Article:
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The Third Day turns over a new leaf at the start of “Winter”

Nico Parker, Charlotte Gairdner-Mihell, and Naomie Harris star in The Third Day
Nico Parker, Charlotte Gairdner-Mihell, and Naomie Harris star in The Third Day
Photo: Liam Daniel (HBO
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It’s winter, and the bright green foliage of seasons past looks dull and chilly in the newest chapter of The Third Day. Helen (Naomi Harris) is taking her daughters Tallulah (Charlotte Gairdner-Mihell) and Ellie (Nico Parker) on a surprise holiday to Osea Island. But the surprises are many on this trip. The place no longer looks like the inviting hamlet that Sam, the protagonist for the first three episodes, wandered into in the summer months. There’s graffiti and trash everywhere. On their trip into town, they see Mr. Martin scrubbing away paint and a grief-stricken couple packing up their car. When the cottage Helen booked on Airbnb is no longer available, she decides to find new lodgings instead of leave. She stops at an inn during a tense standoff, and although she helps the keeper with his injuries, he tells her what the failed hosts told her before: leave this place. Her tenacity leads to a major twist by the end of “Monday—The Mother.” 

Outside, Helen’s eldest daughter, Ellie gets out of her mother’s car to help a blonde girl who’s dropped something. It’s one of Jess’ daughters, and who else should show up but the menacingly tall Larry, who we last saw in action trying to murder Sam. Helen yells at both of them and only narrowly escapes Larry’s anger when someone else interrupts. Back in the car with her two girls, she breaks down. She wanted so badly for them to have a good holiday. It’s all gone wrong.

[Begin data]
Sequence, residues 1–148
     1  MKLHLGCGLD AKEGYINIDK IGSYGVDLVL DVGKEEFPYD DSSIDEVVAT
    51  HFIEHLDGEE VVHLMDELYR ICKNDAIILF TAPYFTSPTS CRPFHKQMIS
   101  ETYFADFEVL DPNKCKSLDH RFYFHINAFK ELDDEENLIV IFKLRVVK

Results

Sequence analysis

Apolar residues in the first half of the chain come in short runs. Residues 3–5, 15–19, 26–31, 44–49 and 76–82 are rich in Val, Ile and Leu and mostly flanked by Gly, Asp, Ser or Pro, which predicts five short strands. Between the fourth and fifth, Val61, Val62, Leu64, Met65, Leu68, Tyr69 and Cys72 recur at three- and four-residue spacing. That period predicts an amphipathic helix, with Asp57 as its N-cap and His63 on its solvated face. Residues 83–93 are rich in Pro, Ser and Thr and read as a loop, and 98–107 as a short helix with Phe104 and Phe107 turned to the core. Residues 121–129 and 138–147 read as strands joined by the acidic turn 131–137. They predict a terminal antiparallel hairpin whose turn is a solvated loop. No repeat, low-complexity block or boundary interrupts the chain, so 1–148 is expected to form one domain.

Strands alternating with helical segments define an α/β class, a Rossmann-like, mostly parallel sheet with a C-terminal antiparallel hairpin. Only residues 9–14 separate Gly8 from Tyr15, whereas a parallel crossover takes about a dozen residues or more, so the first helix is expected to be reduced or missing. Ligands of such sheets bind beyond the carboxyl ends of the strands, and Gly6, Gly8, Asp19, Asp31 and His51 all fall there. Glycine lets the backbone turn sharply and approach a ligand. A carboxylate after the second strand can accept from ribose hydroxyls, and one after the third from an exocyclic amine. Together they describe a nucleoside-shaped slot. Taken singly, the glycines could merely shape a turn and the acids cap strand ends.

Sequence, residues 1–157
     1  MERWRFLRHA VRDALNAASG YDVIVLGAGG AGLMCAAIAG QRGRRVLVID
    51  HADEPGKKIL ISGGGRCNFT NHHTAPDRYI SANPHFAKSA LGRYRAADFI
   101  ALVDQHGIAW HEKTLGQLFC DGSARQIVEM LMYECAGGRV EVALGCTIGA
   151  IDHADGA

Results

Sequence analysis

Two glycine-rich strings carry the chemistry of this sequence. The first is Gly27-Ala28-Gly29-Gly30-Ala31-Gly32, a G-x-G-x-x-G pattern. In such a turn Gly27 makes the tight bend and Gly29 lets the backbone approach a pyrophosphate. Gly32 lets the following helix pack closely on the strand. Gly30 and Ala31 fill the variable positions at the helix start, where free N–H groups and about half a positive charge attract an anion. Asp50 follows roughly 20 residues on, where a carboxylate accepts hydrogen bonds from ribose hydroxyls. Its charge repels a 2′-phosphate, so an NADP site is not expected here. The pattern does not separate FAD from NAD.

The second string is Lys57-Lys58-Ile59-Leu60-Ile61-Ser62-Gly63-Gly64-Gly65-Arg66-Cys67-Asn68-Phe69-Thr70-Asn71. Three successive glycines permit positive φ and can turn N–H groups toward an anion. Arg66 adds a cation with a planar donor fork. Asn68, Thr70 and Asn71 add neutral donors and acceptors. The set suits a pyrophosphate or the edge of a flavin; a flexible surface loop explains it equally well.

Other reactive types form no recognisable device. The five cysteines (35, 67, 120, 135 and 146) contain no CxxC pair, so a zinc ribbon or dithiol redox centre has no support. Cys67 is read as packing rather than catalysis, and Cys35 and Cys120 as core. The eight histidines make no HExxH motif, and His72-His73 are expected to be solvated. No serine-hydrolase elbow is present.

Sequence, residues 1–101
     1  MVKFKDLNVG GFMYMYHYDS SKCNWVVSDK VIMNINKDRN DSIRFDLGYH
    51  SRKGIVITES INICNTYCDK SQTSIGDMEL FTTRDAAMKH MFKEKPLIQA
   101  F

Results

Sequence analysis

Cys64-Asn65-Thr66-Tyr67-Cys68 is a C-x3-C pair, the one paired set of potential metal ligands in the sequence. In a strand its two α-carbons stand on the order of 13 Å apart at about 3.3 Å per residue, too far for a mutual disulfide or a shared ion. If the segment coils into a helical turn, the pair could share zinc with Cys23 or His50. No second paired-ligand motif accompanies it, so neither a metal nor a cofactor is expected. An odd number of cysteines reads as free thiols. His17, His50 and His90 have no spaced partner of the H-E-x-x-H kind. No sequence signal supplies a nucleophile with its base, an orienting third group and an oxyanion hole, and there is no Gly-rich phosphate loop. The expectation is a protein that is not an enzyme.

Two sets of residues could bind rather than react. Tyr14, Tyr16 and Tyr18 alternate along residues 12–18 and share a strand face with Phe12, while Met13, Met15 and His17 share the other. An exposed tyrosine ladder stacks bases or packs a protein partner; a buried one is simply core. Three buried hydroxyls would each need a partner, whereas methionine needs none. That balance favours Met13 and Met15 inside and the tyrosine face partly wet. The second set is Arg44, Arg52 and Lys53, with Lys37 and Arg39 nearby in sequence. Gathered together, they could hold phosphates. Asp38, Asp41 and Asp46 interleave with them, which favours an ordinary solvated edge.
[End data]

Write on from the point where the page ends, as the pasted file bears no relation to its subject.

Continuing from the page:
It’s also all gone wrong for Osea. Both Larry and Jess’ girls look dirty and worn down. The festival grounds are in ruins, and planned development for visitors has also fallen by the wayside. A brief expedition to one of these places reveals just how badly things have gone downhill for the island. It seems as if desperate times have turned neighbor against neighbor. It’s something the audience will realize before the characters. We know a little bit more than the current newcomers struggling to find a place for the night. Eventually, they end up at the Martins’ bar. As the girls cozy up next to the fireplace, Helen argues down Mr. Martin’s objections with the help of his wife, who offers the weary family a place to stay and burgers to eat. Once upstairs, there’s another discrepancy from the past: where there was once salt pooling beneath the sink of Sam’s former room, there now lies a mound of earth and crunchy dead leaves. Is this part of the division of Osea? As the three get ready for bed, Ellie takes out the fish talisman Larry gave her before her mother argued with him. Tallulah tries to play with her iPad, but Helen takes it out of her hands and places it on their bedside table. The camera closes in on the open home screen: it’s of the three of them with their dad and Helen’s husband, Sam.